Masks are required inside all state buildings as of August 16 for all people over 2 years old. More Info
The Delaware Division of Historical and Cultural Affairs has recently hired three new historic-site interpreters for its museums in Lewes and Dover. Historic-site interpreters are the division’s front-line connection with the public, adding a human face to Delaware history. Through tours and special programming, they provide in-depth information about the state’s historic places and help bring the people and events of the past to life.
Kaitlyn Dykes and Andrew Lyter are both currently serving at the Zwaanendael Museum in Lewes. Dykes comes to the division after working as a volunteer manager for Delaware State Parks, as a historical interpreter at the Fort Miles Historical Area in Cape Henlopen State Park and as an archaeology intern for Jamestown Rediscovery. She holds a bachelor’s degree in criminal justice with a minor in anthropology from Virginia Commonwealth University in Richmond.
Andrew Lyter holds a bachelor’s degree in history from West Chester University in Pennsylvania and is currently pursuing a master’s degree in history from that same institution. He has worked as a program coordinator and museum educator at Fort Mifflin on the Delaware, as a historic ships keeper for the Independence Seaport Museum and as a volunteer interpreter at a variety of historic sites in Massachusetts, New Jersey, Pennsylvania and Virginia.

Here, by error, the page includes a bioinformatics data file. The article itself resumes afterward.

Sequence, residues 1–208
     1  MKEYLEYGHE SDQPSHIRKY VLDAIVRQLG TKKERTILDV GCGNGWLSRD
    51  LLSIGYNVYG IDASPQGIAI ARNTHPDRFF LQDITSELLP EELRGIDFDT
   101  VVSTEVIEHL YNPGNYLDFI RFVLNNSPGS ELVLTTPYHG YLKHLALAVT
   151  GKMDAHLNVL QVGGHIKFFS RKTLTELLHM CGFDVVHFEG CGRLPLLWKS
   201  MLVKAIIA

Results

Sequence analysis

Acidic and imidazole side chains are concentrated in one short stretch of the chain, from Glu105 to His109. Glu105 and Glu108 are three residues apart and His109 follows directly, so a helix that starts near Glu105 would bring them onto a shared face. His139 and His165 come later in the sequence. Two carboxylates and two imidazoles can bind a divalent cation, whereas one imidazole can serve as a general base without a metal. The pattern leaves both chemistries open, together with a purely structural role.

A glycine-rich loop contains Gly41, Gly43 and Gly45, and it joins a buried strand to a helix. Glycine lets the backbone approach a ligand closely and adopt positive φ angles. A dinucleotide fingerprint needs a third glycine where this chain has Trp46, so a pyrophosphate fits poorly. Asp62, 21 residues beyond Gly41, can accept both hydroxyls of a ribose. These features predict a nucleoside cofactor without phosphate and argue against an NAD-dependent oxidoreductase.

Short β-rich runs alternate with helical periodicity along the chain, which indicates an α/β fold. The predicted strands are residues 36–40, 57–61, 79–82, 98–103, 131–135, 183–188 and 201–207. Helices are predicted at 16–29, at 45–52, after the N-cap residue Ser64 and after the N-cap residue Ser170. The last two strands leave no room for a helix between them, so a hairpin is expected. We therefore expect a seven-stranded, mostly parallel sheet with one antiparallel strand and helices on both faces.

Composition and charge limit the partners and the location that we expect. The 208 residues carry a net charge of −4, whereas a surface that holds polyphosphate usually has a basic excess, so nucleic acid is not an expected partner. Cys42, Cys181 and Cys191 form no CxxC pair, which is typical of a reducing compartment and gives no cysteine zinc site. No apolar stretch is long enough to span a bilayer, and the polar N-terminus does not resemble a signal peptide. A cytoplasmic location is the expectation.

Before joining the staff of The Old State House in Dover, Steven Mumford worked in a wide variety of capacities in Maryland including writing grants and other fund-raising activities; managing historic-preservation projects; and serving in administrative positions for a number of state-, county- and local-government agencies. An actor, historical interpreter and director, Mumford is a member of the Screen Actors Guild and the Dover English Country Dancers, has taught acting at Chesapeake College in Wye Mills, Md. and was the writer and producer of a documentary film on old Chestertown, Md. He holds a Bachelor of Arts from Tarkio College in Missouri and has studied historic preservation at Washington College in Chestertown.